The party has acted the same way in the earlier matriculation quota issue and the more recent Jawi issue. The education ministry had insisted to introduce Seni Khat curriculum in Chinese and Tamil primary schools before making some compromises. What was the attitude of DAP's leaders then? They wanted the Chinese community to look at the issue with a New Malaysia mindset, arguing that learning Jawi would not affect their ethnicity, language or culture. They even asked why the Chinese were so fearful of Jawi.

Lately, Liew Chin Tong has been posting videos every morning in conjunction withe the Merdeka celebration to illustrate the party's viewpoints, including participation of all Malaysians in nation-building and not seeing things from the perspective of race. He also wants us to sensibly discuss and debate government policies while exploring political participation by all Malaysians in their capacity as Malaysian citizens.

Liew has reiterated the need for us to break the confines of race and religion and help build the identity of Bangsa Malaysia in oneness.

He also says Malaysia's pluralistic society shouldn't be one that is mutually exclusive, but one that builds mutual trust by way of learning one another's languages.

I have been closely following Liew's political views and philosophies ever since I was still in university, and later in the journalistic line. I have always looked at him as an idealist whose vision for Malaysia is what we all have been yearning to achieve. This, nevertheless, is way too remote at this juncture, and we need to work very much harder to make New Malaysia a reality.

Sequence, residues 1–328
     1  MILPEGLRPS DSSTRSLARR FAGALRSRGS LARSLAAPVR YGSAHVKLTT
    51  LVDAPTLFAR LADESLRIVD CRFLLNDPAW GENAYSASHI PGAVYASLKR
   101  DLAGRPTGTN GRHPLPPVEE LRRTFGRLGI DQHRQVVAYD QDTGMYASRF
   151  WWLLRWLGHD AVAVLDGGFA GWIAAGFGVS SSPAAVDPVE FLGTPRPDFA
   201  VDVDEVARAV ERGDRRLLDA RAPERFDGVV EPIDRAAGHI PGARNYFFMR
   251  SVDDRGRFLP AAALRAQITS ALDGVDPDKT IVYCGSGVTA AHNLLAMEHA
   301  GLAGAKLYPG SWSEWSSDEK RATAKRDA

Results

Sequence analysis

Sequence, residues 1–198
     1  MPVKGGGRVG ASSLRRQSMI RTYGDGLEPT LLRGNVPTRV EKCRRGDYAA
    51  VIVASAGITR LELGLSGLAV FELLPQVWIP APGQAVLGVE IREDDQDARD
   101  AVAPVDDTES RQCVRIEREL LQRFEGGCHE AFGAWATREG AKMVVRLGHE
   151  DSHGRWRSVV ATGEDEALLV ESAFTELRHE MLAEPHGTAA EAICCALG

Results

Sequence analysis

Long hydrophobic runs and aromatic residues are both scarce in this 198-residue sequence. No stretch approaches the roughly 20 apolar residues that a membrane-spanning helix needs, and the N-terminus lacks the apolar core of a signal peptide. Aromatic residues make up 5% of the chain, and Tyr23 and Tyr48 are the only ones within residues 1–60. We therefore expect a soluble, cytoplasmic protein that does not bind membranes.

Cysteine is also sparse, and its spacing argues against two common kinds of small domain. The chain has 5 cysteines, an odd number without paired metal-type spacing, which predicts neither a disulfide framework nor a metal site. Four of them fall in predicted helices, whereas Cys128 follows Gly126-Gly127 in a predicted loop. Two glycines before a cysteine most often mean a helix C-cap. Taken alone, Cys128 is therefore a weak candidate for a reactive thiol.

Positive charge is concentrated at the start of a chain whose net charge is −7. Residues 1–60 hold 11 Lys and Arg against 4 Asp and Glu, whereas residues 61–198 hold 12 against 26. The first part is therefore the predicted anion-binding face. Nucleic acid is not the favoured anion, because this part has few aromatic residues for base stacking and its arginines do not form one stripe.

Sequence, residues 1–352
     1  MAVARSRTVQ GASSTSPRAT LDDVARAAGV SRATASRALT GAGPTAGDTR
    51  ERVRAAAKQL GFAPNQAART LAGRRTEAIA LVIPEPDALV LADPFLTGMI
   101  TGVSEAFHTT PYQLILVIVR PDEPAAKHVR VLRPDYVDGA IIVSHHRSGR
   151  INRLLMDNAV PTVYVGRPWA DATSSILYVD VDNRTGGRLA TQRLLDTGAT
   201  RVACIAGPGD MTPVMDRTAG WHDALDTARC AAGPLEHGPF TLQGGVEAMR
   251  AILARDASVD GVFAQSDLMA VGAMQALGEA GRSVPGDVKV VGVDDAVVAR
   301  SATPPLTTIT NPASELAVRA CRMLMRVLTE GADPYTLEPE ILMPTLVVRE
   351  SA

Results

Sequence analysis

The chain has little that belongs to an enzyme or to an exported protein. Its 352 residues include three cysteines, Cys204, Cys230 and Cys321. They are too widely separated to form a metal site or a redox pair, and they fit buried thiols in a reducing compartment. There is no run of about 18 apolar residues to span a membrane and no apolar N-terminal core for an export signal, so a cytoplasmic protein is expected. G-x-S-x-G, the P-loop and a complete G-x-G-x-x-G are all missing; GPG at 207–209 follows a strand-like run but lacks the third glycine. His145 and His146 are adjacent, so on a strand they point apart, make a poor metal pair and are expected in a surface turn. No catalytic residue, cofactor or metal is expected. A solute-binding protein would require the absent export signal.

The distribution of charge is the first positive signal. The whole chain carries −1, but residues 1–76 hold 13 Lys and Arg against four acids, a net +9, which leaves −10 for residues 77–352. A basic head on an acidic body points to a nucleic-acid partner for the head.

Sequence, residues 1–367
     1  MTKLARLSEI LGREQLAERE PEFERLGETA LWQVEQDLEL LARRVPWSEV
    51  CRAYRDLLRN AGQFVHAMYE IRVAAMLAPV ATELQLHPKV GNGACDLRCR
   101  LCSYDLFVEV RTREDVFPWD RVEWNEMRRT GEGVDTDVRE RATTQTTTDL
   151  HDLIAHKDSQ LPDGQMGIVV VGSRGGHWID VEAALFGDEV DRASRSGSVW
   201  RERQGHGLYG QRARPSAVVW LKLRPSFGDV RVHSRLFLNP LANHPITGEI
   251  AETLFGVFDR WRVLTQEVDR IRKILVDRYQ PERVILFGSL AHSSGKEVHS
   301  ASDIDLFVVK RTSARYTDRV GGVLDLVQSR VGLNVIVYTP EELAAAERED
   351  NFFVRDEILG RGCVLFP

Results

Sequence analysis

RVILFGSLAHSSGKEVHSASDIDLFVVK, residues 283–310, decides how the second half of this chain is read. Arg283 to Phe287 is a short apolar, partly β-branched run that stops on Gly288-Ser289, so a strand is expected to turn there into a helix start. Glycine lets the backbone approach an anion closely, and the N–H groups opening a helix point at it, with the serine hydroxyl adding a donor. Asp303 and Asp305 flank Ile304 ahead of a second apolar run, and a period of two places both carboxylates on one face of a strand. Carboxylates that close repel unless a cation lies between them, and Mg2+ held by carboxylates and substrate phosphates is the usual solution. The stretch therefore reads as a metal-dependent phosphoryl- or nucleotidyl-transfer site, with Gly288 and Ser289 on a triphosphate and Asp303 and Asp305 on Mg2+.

I absolutely agree to all of his viewpoints above, especially the part on viewing issues and policies from the standpoint of Malaysians and not just for the interests of the Chinese community.

Unfortunately, his videos are targeting only Chinese Malaysians as they have been made in Mandarin. Why didn't he produce the same videos in BM and English and deliver the same message to all Malaysians?

As a matter of fact, it is not true that the Chinese community is reluctant to embrace the Bangsa Malaysia concept, but from the BN administration since six decades ago through to the PH administration helmed by Mahathir today, we have indeed seen too many government polices which are unfair to non-Malay communities of this country, like a dark shadow hovering above us, making us inevitably sensitive and pessimistic over so many issues.

If DAP is really serious about materializing a Malaysians' Malaysia and eliminating racism and race-induced preoccupations, the party, being a component of the ruling coalition, must first set a good example for all of us by doing what is right inside the government.

Take for example the “Malay compromise” statement and allegation that a female Chinese reporter knew nothing about Constitution and Rukun Negara, DAP should tell entrepreneurship development minister Mohd Redzuan Md Yusof to apologize for his racist remarks and not to divide the nation along racial lines from this moment on.

We will only believe that PH is a government for all Malaysians, if they can do just that!

(Michel Chng is Sin Chew Daily Senior Reporter.)